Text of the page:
The True Cost of Punishing Iran With Snapback Sanctions

November 6, 2018 Topic: Security Region: Americas Tags: IranSanctionsDonald TrumpEconomyForeign Policy

The True Cost of Punishing Iran With Snapback Sanctions

Washington’s allies will seek ways to undermine its ability to use its economy as a weapon.

According to official figures, U.S. government drone strikes killed 2,436 people in 473 counterterrorism strikes in Pakistan, Yemen, Somalia, and Libya under the Obama administration, representing an exponential increase from the prior eight years. Experts have called the Obama administration’s intensive and unrelenting use of drones as a key feature of his foreign-policy legacy. Drone strikes represented an effective means of targeting terrorists and were broadly popular among Americans as they carried little cost in money, American lives and geopolitical consequences.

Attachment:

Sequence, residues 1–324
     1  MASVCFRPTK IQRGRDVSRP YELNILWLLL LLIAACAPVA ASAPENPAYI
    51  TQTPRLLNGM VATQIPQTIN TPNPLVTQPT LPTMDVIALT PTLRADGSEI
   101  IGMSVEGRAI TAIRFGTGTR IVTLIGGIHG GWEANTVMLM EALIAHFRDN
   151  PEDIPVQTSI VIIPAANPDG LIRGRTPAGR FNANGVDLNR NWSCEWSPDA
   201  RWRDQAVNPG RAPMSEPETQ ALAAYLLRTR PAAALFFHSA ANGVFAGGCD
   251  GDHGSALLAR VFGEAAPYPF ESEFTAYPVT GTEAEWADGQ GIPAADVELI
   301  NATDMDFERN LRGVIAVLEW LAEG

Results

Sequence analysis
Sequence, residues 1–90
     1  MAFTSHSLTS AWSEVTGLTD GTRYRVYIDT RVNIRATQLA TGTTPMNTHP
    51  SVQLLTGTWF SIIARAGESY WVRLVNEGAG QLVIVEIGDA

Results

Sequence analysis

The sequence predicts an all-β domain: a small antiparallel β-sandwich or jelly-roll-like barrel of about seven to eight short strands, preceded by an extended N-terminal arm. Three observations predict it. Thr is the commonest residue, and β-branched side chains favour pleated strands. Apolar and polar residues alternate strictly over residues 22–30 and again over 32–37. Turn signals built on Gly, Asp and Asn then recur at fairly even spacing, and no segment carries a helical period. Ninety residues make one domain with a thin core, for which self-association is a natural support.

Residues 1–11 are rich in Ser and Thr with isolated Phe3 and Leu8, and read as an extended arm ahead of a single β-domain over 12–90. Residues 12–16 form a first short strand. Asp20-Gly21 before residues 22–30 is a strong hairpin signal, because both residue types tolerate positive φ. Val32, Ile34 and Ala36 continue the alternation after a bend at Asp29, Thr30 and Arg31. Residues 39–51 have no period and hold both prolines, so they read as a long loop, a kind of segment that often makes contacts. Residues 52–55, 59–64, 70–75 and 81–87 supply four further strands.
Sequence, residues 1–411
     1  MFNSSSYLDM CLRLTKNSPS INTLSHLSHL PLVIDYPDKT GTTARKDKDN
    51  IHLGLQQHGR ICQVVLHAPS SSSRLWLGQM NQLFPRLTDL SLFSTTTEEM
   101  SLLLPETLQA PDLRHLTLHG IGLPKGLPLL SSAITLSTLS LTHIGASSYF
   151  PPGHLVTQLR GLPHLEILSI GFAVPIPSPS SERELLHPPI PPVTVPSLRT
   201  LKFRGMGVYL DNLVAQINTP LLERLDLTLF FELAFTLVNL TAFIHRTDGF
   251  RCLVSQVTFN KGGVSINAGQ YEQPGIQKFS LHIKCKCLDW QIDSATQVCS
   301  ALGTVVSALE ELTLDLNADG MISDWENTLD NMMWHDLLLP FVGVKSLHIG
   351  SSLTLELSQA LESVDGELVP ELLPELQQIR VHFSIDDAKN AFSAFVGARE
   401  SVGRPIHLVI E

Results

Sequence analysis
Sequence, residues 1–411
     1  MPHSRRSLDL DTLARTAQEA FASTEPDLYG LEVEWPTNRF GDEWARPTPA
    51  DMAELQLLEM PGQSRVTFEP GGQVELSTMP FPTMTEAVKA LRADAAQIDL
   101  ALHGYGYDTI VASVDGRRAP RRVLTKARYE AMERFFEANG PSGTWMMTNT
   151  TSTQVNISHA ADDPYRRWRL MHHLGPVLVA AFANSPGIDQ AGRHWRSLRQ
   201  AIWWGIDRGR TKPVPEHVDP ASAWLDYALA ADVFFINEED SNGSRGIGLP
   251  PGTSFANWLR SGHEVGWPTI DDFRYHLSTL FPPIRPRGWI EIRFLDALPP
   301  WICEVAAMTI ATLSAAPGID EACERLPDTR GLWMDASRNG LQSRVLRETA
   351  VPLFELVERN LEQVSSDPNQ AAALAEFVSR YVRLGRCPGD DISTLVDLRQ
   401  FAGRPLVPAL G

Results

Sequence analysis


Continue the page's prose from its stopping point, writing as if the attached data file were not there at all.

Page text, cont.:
But the tool that will be a legacy forming feature of American foreign policy during the Trump era is likely to be the administration’s prolific and cavalier use of sanctions. Sanctions are an “extremely seductive tool” for the Trump administration for much of the same reasons the Obama administration appreciated drone strikes. Sanctions offer the U.S. government an efficient and impactful policy weapon that is deployable from a safe distance and often perceived as an inexpensive option.  

Critics have watched wearily as the Trump administration has drastically escalated the use of sanctions to unprecedented levels. In the first year of the administration alone, the U.S. government blacklisted one thousand people and entities, representing a 30 percent spike from Obama’s last year in office and a threefold increase from his first year as president. Experts, including former Secretary of Treasury Jack Lew, have warned that the unilateral and excessive use of sanctions risks diminishing the effectiveness over time. But the reintroduction of sanctions against Iran has prompted warnings, including from former U.S. government sanctions architects, that the United States may inadvertently rally many in favor of blunting U.S. sanctions as a tool of statecraft by challenging the power this policy tool rests upon—the centrality of American markets and the dollar in global trade.